PHILADELPHIA — More than 70 Philadelphia Eagles employees and their families, including coach Doug Pederson and his wife, Jeannie, participated Thursday in a community blood drive at Lincoln Financial Field in response to the dip in blood donations across the country amid the coronavirus pandemic.
The drive, hosted by the Eagles and the American Red Cross, collected 74 pints from nearly 100 donors, which has the potential to help up to 222 patients.
When the Eagles first spoke to the Red Cross in March, the organization indicated that 2,700 blood drives had been cancelled across the country as people sheltered at home, resulting in 86,000 fewer blood donations, according to Eagles president Don Smolenski.
Approximately 36,000 units of red blood cells is needed every day in the U.S., and roughly 40% of the nation’s blood and blood components — collected from volunteer donors — is provided by the Red Cross.
Donation stations were spread out across the Touchdown Club at Lincoln Financial Field to ensure proper social distancing.
Pederson, wearing a custom Eagles protective mask, took his turn on the table in the morning before posing for a picture with the health care worker who drew his blood.
“As soon as the email went out, one of the first text messages I got was from Coach asking if he and Jeannie could donate. They were the like first ones to reach out and sign up, which was awesome,” Smolenski told ESPN.
“He’s just been very active. He participates, he’s engaged, he’s involved, he cares and all of that just comes through. It’s authentic to who they are and when they sign up and participate, it just shows how much they support the community but also for our staff and other people who come to donate, it sends a very positive message that what they’re doing is important and meaningful and appreciated and it goes a long way.”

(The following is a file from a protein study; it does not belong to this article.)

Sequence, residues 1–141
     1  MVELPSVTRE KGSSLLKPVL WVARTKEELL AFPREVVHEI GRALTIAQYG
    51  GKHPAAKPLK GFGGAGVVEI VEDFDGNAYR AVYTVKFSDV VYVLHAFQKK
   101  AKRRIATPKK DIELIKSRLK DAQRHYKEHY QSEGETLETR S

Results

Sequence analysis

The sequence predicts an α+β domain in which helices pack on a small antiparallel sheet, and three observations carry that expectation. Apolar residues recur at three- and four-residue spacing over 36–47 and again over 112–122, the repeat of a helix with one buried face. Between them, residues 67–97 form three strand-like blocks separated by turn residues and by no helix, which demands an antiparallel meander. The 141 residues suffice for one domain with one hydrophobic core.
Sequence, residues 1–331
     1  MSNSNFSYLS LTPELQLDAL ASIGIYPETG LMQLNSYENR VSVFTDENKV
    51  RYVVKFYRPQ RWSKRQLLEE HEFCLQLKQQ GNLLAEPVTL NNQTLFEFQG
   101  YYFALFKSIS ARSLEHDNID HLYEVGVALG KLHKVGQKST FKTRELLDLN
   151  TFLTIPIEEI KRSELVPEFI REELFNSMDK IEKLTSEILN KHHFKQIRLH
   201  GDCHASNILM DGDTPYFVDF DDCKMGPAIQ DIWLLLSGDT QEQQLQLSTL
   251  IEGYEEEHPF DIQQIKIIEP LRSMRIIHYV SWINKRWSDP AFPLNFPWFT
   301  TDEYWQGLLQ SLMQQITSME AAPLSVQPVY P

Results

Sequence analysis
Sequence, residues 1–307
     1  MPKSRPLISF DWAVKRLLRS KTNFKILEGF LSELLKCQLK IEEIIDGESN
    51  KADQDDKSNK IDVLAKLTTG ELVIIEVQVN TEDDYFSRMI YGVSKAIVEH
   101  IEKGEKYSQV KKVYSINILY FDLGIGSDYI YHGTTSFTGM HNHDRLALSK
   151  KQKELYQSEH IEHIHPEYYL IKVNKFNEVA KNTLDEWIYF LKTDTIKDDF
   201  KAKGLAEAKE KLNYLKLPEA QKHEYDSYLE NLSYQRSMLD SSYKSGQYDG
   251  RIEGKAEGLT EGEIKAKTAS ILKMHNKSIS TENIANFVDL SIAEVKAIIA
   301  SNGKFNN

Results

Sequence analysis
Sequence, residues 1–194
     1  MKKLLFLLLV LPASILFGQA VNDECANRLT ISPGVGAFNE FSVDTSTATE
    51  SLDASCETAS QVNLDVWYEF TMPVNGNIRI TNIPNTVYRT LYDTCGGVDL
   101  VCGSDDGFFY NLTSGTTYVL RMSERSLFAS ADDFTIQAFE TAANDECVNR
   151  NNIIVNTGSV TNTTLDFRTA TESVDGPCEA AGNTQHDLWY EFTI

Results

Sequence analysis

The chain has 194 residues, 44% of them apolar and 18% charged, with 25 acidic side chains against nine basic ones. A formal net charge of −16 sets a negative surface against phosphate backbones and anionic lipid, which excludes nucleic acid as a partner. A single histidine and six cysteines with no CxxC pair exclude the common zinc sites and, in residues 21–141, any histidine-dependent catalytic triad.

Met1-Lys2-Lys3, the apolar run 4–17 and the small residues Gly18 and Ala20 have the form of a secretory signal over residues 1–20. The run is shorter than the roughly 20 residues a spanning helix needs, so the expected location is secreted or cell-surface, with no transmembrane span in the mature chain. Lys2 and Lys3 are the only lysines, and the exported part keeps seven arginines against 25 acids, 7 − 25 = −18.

The blood drive was part of an ongoing outreach by the Eagles in response to the pandemic. Earlier this month, owner Jeffrey Lurie donated $1 million to establish the COVID-19 Immunology Defense Fund, to support a program through Penn Medicine to test health care workers for potential immunity and fund vaccination efforts.
“We have such an appreciation on our part for all of the people involved in blood services,” Smolenski said. “They are on the front line, they are essential workers, and the work that they’re doing is important because it does positively impact others who are dealing with other issues outside of the COVID-19. For all they did today to ensure it was safe for everybody … I don’t think we can call out enough all of the essential workers who are doing so much across the community for all of us.”